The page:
End of the line | A journey up Lynn Canal and beyond

Brakes hissed, horn sounded. The train lurched slowly forward away from Skagway towards the mountains. With a clickety-clack, clackety-click, we climbed from sea level up through forests and dark tunnels, around cliffs, over bridges and past craggy, snow-capped peaks before reaching 3,000-foot White Pass.

All the while, we gently rocked back and forth with the rhythm of the tracks and the boys looked out the windows with wide-eyed excitement. Up, up, up. Pointing, laughing and non-stop talking, you’d think they’d been waiting for this moment their entire lives.

The boys watch the scenery go by.
Skagway is far down the valley.

Built from 1898 to 1900 during the Klondike Gold Rush, the White Pass & Yukon Route Railroad brought prospectors from the port of Skagway up to the Yukon Territory where they would then need to traverse hundreds of miles over land, lakes and rivers to seek their fortune. The history is fascinating and the dramatic scenes while climbing up and back on the train are breathtaking.

We’re typically not ones for the more touristy attractions when visiting new places, but with a two-year-old and four-year-old, there was no option. We were riding that train. Fortunately, the weather was gorgeous, warm and sunny, and the boys made fast friends with the train conductor and those sitting around us while we snaked upward into the tall mountains.

When we reached the pass and the engines were moved from one end of the cars to the other for the ride down, our conductor friend, Ryan, asked us to follow him towards the back of the train. We didn’t really know what was going on, but much to our surprise, we got to ride in the opulent caboose by ourselves for the trip down. With leather chairs, drinks and a back “porch” with amazing views, it was an unexpected treat that we’re all still talking about nearly a week later.

Our personal caboose.

If you make it to Skagway, we highly recommend taking the train. It’s worth it.

Exploring Lynn Canal

After leaving Glacier Bay, the towns of Haines and Skagway became our goal and because we’d told the boys about the train ride weeks before, it was something they asked about every day. We were going no matter what. Slowly working our way east with fresh memories of Glacier Bay National Park still in our minds, we took our time and hopped towards and then up the long fjord of Lynn Canal.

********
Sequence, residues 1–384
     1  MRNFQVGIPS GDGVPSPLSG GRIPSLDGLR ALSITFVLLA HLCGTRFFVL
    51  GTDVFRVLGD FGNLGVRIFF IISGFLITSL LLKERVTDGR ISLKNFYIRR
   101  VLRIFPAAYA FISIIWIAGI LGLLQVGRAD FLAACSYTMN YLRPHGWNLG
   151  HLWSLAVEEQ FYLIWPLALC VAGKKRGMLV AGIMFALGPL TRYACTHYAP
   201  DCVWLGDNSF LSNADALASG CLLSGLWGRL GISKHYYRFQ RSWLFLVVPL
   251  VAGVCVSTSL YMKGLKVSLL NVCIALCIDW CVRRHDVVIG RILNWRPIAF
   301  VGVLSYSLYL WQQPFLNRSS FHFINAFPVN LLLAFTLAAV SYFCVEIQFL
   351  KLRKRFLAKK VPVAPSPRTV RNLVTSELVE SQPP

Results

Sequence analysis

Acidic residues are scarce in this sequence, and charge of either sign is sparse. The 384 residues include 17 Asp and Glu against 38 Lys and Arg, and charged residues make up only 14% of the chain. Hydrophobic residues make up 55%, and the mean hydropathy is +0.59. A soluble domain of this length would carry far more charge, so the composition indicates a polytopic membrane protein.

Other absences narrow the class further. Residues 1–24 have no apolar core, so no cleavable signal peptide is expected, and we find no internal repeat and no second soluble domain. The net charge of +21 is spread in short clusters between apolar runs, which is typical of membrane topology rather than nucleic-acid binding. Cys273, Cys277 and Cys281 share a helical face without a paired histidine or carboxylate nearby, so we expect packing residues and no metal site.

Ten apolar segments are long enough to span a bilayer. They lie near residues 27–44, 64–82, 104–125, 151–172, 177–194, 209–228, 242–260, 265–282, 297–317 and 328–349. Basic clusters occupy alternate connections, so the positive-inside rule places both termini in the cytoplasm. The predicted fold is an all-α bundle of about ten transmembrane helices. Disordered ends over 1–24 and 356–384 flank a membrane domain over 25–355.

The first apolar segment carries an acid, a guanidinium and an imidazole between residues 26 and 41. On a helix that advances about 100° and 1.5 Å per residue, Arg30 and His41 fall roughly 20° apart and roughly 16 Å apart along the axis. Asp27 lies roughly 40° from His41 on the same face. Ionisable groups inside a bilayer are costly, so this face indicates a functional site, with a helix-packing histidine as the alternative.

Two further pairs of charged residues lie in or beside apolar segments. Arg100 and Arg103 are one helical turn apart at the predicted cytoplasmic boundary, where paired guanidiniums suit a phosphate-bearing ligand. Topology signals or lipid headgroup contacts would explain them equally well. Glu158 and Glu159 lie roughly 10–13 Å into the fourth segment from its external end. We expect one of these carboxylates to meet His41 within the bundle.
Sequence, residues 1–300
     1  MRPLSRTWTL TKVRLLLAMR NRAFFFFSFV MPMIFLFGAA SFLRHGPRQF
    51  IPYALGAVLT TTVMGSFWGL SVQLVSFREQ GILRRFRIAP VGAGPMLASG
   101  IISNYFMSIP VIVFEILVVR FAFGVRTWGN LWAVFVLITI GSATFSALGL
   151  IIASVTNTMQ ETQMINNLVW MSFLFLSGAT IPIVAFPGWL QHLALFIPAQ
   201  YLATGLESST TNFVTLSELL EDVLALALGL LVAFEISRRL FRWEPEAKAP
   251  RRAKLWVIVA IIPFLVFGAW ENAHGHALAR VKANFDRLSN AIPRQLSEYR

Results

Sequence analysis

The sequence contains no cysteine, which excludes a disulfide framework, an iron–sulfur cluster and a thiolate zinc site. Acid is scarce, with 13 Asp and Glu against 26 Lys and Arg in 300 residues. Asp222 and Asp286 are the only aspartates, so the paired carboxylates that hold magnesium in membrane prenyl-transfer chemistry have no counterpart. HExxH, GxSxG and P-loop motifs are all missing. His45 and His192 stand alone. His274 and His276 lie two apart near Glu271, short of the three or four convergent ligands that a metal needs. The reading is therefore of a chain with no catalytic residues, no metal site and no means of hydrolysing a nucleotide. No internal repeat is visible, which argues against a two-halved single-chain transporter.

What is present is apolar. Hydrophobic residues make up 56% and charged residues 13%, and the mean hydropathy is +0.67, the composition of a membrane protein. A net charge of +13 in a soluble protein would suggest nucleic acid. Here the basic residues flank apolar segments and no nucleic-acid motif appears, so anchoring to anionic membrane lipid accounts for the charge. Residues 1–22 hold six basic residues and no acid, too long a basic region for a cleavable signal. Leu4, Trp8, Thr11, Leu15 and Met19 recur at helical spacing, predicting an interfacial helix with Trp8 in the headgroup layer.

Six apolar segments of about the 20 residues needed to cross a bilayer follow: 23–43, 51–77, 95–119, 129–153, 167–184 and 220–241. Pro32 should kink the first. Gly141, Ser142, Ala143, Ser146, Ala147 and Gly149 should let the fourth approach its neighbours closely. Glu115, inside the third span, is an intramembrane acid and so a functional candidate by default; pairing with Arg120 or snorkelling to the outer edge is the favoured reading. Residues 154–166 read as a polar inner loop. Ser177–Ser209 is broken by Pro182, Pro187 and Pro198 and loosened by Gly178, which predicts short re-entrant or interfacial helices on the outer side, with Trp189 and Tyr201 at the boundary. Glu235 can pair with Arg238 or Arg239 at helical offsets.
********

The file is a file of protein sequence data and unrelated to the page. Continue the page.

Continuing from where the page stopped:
Flying the spinnaker up Lynn Canal.

From anchorage to anchorage we moved under fair skies and following breezes exploring beaches, hiking trails and small bays. As the crow flies, Lynn Canal is quite close to Glacier Bay and the mountains that line either side reminded us of being back there.

Story time while sailing up the canal.
The boys play on a grassy island.
Magnus!

The town of Haines came first and we cozied Yahtzee up among fishing boats in the quaint marina. This was our first real town since leaving Sitka over three weeks prior and a good stock-up was in order. So too was an oil change and a visit to the library, playground, swimming pool and brewery, of course.

From Haines it was a quick 13-mile run up to Skagway, which is the northern terminus of the Inside Passage (Olympia, Washington is the southern end). While Haines had more of a hometown feel to it, Skagway was tourist central. Four cruise ships tied up in town every day and with them came the usual throngs of people. It wasn’t a bother to us, though, and we joined right in with them on the train, in restaurants and on the streets. An interesting note is that the ships left port every evening, meaning the town would go from bustling to basically empty in a matter of about an hour. Once the ships were gone, it was all locals and us, which made for a nice change of pace.

Haines from the water as we head towards Skagway.

With our fix of town life thoroughly fulfilled, we pointed Yahtzee’s bow back south and headed for a few anchorages we hadn’t stopped at while coming up the Canal. A knock on cruising Lynn Canal is that there aren’t many places to anchor, but we found quite the opposite. A little bight on the southwest side of Sullivan Island provided shelter from a strong southerly and we spent two days here waiting it out. Ashore we found a perfect sand beach and while having a beach fire, Jill spotted a mama grizzly bear with two cubs. They were about a quarter mile away and after coming towards us for about 100 yards or so, she caught sight of us and promptly disappeared with with her brood into the woods, never to be seen again.

Continuing south, we fought a strong southerly but were rewarded handsomely with beautiful anchorages at Bridget Cove and on the north side of Benjamin Island. Tucked in out of the wind, we relished having more time ashore in the wilds of Alaska before a stop in the state’s busy capitol, Juneau.

 

8 thoughts on “End of the line | A journey up Lynn Canal and beyond

    1. Thanks, the mountains were very photogenic!

      Yeah, every few oil changes I do another quick one where I add in some ATF. Our old Perkins likes fresh oil and a couple mechanics told me to add the ATF every so often because it acts as a detergent to clean out gunky oil. Also, the wind has been fluky over the past month and we’ve done a lot of miles, which has put more hours on the engine.

  1. A pleasure meeting you both at the dock in Skagway.
    Hoping our paths cross again, perhaps in Mexico.
    All the very best
    John Briner
    S/V Tuesday
    Skagway AK

  2. Nice. My grandmother got to Juneau in the summer of 1918. That October one of the worst maritime disasters occurred in Lynn Canal. She would recount the aftermath of that during family gatherings and it left me spellbound.

    Google ‘Princess Sophia Vanderbilt Reef’. Gripping story.

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